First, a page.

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-   -   iptables accounting rules (https://www.linuxquestions.org/questions/linux-networking-3/iptables-accounting-rules-110076/)

petrax 10-29-2003 04:26 PM

iptables accounting rules
 
I am attempting to use ipac-ng to setup some ip-accounting rules with iptables.
I want to make sure I capturing all my internet traffic with these rules.

my net-config is LAN: eth0 Internet : ppp0
note my rp-pppoe is bound to eth0 as well.

internet download
# router
iptables -I INPUT 1 -i ppp0
# rest of network
iptables -I FORWARD -s 192.168.0.1/24 -d ! 192.168.0.1 -i eth0


I'm hoping that the FORWARD rule doesn't double count the INPUT rule.

clacour 11-10-2003 09:09 PM

I'm not absolutely certain, but I don't believe it will.

There are three built-in chains in the FILTER table: INPUT, FORWARD, and OUTPUT. From the description in the man page (man iptables), it seems pretty clear that it distiguishes between packets aimed at the box (INPUT) and packets just passing through (FORWARD).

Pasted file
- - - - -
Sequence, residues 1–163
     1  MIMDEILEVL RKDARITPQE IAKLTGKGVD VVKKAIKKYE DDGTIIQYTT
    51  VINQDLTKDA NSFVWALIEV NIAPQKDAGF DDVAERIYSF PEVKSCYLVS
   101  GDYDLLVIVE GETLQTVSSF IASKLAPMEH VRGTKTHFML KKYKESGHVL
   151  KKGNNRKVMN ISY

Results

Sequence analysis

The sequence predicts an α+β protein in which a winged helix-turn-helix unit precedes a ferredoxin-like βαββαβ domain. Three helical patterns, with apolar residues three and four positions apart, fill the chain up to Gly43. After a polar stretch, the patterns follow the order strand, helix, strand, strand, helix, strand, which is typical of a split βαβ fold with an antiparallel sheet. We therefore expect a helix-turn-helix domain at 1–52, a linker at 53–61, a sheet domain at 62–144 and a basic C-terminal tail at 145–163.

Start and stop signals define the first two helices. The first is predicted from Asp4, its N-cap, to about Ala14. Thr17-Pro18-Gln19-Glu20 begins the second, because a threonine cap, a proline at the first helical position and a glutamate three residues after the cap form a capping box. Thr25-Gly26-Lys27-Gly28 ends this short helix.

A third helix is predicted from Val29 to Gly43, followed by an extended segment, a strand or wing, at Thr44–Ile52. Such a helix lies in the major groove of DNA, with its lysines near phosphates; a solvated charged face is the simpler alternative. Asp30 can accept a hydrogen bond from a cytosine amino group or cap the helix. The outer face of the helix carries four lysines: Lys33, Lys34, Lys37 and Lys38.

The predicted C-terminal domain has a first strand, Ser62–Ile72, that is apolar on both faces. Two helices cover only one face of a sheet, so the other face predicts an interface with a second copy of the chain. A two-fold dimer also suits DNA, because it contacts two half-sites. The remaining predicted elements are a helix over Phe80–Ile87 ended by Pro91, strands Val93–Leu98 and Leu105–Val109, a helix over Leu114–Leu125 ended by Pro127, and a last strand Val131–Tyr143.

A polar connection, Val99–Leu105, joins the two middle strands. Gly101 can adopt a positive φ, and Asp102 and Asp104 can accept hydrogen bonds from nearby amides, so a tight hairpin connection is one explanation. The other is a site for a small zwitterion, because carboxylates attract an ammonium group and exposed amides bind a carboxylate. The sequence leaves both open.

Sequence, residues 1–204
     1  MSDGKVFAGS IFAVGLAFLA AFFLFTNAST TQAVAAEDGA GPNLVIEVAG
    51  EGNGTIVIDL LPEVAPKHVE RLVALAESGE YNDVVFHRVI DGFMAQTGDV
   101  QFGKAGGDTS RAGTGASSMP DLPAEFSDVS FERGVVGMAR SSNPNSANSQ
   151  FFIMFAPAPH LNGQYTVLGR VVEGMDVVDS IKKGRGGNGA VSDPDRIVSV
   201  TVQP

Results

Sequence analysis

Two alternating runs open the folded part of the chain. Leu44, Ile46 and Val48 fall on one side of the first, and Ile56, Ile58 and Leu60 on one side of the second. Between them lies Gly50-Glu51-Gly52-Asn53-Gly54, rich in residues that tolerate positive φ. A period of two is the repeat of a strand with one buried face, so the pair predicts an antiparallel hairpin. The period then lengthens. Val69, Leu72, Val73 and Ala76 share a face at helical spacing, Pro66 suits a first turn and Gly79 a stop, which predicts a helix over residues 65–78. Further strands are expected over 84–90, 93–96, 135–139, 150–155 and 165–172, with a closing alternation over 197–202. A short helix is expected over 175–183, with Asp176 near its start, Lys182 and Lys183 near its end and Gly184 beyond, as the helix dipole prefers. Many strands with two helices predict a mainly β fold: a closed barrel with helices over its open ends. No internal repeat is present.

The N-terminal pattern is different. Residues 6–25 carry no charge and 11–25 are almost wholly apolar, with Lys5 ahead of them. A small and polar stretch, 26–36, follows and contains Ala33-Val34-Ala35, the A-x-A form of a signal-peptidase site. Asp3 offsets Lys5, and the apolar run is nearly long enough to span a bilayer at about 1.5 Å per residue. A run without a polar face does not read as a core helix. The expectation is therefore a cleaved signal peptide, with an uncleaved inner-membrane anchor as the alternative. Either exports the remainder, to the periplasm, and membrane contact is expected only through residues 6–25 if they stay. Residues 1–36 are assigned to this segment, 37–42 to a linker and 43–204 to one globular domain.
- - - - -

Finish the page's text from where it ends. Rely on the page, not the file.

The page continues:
Two comments:

What's the "-d ! 192.168.0.1" for? Because of the stuff I just mentioned, I don't think the FORWARD rule would ever see such a packet, but I don't see any harm in leaving the possibility that it might route something to itself. (Actually, I just thought of something. I'm making a (possibly unwarranted) assumption that the box these rules are for is 192.168.0.1. If it's not, ignore this.)

Second, you might want to change the "-I" to "-A". "-I" stands for insert, and it will insert the rule at the top of the chain. This means the last rule you have pertaining to a particular chain will be the first one checked (and the second-to-last will be the second checked, and so on until if finally gets to the first rule.)

Most people use "-A" (for append) so that the rules get added to the chain in the same order that they are in the iptables file. If you like RPN logic, there's nothing wrong with using the "-I", but I wanted to make sure you knew what it was doing.

Hope this helps,

CHL


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